Real Food is a Real Process
Everyone has his or her own definition of what real food is. Is it the favorites that your mother cooked, what’s growing in your home garden, or what you buy locally from a farmer’s market? Back in the 1980’s the American Beef Association had a slogan that said Beef, Real Food for Real People. Today, Starbucks claims the slogan “Real Food” to describe food sold in their coffee shops. There are probably as many definitions of what real food is as there are ways to prepare it. A site called 100 Days of Real Food recently posted its own definition. It’s broader than mine because it includes dairy, fish, meat and poultry – but does keep processed foods off the list. The author, Lisa Leake, discovered that going 100 days without eating processed food or refined ingredients brought health benefits to her family including more energy, better sleep and fewer colds.
Leake’s story reminds me that food, and the way we consume it, is a huge spectrum, especially amongst families, and even more so with kids. My kids naturally go for healthier snacks, because that’s what available in my home kitchen. Other kids will gravitate toward snacks that are a brighter orange color than the bag they are packaged in, if that is all that’s available to them. It’s all about choices. As parents, we can make our voices heard every time we prepare food for our family to eat.
That spectrum has evolved substantially in recent years. Just a few decades ago, the natural foods movement was considered fringe, but today, being vegan is actually cool. Today, vegetarian, vegan, macrobiotic, and real food ingredients and products are available at mainstream supermarkets across America. This natural foods movement rose in response to an epidemic of degenerative diseases. Twentieth-century America saw an explosion of heart disease, diabetes, obesity, certain cancers, and more. Such diseases now plague our children. Most of these diseases can be directly attributed to radical changes in our food supply, changes brought about by the ‘industrial revolution’ in farming.
Today, the message about real food has gone mainstream. We’re hearing from medical doctors and public health advocates that we need to eat more plant-based foods. Contemporary best selling authors, Michael Pollan and Mark Bittman offer compelling arguments for eating far less meat and Jonathan Safran Foer in Eating Animals believes it is best to eat nothing but plants. The United Nations has recommended one meatless day a week as a means of combating climate change; and Johns Hopkins Bloomberg School of Public Health sponsors Meatless Monday, a non-profit initiative that’s working to reduce meat consumption by 15 percent to improve personal health and the health of our planet. Just recently, the USDA’s My Plate has made major changes in their direction by reformatting the outdated pyramid of the last 20 years.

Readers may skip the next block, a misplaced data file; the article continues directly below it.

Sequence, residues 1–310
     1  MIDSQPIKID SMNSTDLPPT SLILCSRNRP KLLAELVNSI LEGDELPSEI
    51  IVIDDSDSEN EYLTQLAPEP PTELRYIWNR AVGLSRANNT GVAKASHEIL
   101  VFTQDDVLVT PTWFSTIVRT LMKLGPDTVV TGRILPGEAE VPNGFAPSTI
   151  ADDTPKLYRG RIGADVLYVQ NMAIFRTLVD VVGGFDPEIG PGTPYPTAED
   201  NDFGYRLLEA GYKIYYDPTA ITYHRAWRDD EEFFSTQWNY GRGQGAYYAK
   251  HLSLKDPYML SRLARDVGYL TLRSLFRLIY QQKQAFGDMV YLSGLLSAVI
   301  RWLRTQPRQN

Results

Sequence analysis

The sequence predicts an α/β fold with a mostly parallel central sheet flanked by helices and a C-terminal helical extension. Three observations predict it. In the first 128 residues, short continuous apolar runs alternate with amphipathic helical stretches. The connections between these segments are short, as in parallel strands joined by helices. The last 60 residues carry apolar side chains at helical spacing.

From my perspective USDA’s My Plate represents a shift in the right direction from prior recommendations, but that’s not saying much. Let’s face it; the agency writing this stuff has a stated purpose to promote the sale of agribusiness products. Leaving my cynicism behind, I do like that fruits, vegetables and whole grains comprise three-quarters of My Plate. But why’d they stop there? Most likely because the cereal manufactures won the day at that negotiation table. The inclusion of protein as a food group is an obvious win for the meat industry’s lobbyists. These guys have spent big bucks for generations convincing Americans that protein is the flesh of a dead animal and we can’t live without it. So now we have official guidelines with their code word for protein taking up one-quarter of the plate. On the positive side, beans, peas, nuts and seeds make the list of protein foods. The fact is, all plants contain plenty of protein for a healthy diet and American’s over consume protein, which many experts say contributes to the depletion of calcium. Eating more calcium will never overcome the problem of bone loss and I’d like to see that cup of dairy on the side of My Plate fed back to the calves as the mama cow had intended.
Let me leave you with this statistic to chew on. There are 312 million people in the US and only three percent eat vegetarian, with one-percent being vegan. I understand that this way of eating just might not be in the game plan of many families right now, but now is a good time to start incorporating more plant-based foods into your way of eating. Maybe following the government guidelines set out in My Plate could be a good direction for many wanting to improve what they eat. If you or someone in your family is contemplating such a change, go slow, make the transition gradually. Changing your diet is a real process that takes time.